What we are doing
As an alliance of excellent performing life-science research institutes in Europe, EU-LIFE is committed to teaming up with European institutions and relevant stakeholders to promote better research value in and for Europe. This includes contributing to the public debate and working directly with policy makers for the development of research strategies and concomitant frameworks that deliver science-based solutions to the citizens.
Special attention has been given in participating at an early stage in European-level dialogue on EU framework programmes shaping, providing input to policy makers and advocating for our vision on key priorities; reinforcing scientific excellence; creating a broader definition of impact to support breakthrough scientific discoveries; investing in efficient models to connect research and professional knowledge transfer; enabling outstanding science and innovation in all corners of Europe; as well as attracting and training the next generation of scientists.
Our regular contributions include:
- answering the European Commission calls for ideas such as for the Horizon Europe programme and on the European Innovation Council;
- reviewing implementation procedures, such as under the H2020 mid-term evaluation; and
- sharing EU-LIFE views on research excellence from an institutional perspective through position papers and reports like "Key elements for excellence in research".
With the aim of contributing to the strategic programming of Horizon Europe, EU-LIFE’s partners ran an internal study in 2019 regarding participation in collaborative R&I projects in the H2020’s Health Challenge. The study confirmed there was an increasing lack of opportunities for collaborative research in the Horizon 2020 Framework programme and allowed to explore the potential barriers for EU-LIFE researchers to participate on it. This study led to a set of recommendations for the strategic programming of Horizon Europe that have been presented to relevant policy makers at European, national and regional level.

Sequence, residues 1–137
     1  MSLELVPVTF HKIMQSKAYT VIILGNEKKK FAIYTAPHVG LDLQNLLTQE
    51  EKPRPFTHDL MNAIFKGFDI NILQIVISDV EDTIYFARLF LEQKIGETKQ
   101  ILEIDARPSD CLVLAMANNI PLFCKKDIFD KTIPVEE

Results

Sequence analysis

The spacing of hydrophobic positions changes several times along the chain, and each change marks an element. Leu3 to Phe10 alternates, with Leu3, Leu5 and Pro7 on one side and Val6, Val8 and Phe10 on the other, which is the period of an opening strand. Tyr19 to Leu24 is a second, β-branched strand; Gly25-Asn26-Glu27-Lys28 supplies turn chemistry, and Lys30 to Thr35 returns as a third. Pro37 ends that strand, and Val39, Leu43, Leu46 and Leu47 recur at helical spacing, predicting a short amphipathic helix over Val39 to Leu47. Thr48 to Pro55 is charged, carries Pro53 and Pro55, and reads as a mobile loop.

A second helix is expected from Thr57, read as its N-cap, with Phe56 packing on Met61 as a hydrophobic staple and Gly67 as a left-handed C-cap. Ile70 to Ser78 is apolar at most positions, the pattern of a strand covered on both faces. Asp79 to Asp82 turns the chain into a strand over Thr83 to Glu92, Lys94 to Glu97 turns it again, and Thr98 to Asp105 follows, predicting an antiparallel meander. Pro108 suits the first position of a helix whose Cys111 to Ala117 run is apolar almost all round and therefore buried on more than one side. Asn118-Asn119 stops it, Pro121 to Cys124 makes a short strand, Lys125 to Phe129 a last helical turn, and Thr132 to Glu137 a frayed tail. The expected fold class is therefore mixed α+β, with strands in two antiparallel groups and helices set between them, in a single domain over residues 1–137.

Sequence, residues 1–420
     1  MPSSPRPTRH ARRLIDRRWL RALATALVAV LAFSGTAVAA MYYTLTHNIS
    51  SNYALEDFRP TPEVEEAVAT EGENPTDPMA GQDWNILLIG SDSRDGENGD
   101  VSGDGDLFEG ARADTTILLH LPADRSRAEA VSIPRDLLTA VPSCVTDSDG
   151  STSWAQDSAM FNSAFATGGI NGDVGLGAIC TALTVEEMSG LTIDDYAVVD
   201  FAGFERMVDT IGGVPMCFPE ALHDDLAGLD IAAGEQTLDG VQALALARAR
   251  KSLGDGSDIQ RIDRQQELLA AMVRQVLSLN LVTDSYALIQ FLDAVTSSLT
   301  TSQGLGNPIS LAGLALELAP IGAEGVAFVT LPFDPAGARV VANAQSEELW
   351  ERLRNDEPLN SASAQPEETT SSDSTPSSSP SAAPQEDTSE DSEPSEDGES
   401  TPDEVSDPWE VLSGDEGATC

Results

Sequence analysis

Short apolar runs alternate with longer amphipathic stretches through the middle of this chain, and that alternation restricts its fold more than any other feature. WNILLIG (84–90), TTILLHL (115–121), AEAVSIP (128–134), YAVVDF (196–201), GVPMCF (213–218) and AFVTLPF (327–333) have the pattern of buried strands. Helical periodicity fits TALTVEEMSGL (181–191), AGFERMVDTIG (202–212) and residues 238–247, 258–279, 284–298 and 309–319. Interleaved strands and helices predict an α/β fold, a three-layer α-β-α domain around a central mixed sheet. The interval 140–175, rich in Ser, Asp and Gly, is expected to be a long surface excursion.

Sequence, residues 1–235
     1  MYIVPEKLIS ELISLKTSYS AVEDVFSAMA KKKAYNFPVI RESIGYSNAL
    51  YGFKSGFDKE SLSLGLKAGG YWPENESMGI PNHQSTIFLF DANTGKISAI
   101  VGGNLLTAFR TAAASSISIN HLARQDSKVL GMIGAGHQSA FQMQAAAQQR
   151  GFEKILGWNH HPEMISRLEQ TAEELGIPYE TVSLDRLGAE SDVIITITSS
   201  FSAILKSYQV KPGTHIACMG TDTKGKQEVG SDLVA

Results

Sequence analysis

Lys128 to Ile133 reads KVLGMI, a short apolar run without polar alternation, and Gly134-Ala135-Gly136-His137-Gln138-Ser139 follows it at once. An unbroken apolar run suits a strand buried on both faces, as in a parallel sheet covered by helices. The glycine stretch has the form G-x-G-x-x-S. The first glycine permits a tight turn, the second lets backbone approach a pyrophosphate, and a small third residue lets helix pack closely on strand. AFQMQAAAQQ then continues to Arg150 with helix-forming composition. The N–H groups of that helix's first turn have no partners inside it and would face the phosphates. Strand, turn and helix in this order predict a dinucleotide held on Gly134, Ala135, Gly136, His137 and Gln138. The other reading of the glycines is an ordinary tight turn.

The economic, social and environmental development of tomorrow depends on the discoveries of today. This must be reflected in the next Research Framework Programme Horizon Europe and that’s why we are urging the European Parliament and the EU Council to increase the Horizon Europe budget as recommended by the Lamy report to 150 Billion Euros.
We also strongly encourage Horizon Europe to expand the extremely successful programmes initiated in previous Framework programmes, namely the ERC grant system and Marie Skłodowska-Curie Actions, in addition to collaborative projects that address technological and environmental challenges facing our society today. These actions attract and foster the best and brightest minds, and encourage ground-breaking research that will ensure Europe’s leadership in technological and biomedical innovation in the future.
Expected timing of impact of research outputs in Horizon Europe should as well be realistically adjusted to a longer timescale and its definition broadened beyond economic competitiveness to include wider social impact. The highest value over time comes from high-risk, open-ended excellent research. This should be the main priority of public funding such as Horizon Europe. The investment in close to the market stages will then follow from the private sector.
Why it’s important
It is a fact that investment in research and innovation is at the core of economic and social development of any society at any time. World leading Research & Innovation is critical to the promotion of the wealth and well-being of citizens and key for the realisation of the ideal of the European Union (EU) and to address the Sustainable Development Goals.
It is clear from studies on previous Framework Programmes that every Euro spent on Research & Innovation will generate roughly five-fold the investment in economic benefit, as well as improving social, health and environmental standards.
However, research and innovation still represents less than 10% of the total EU budget.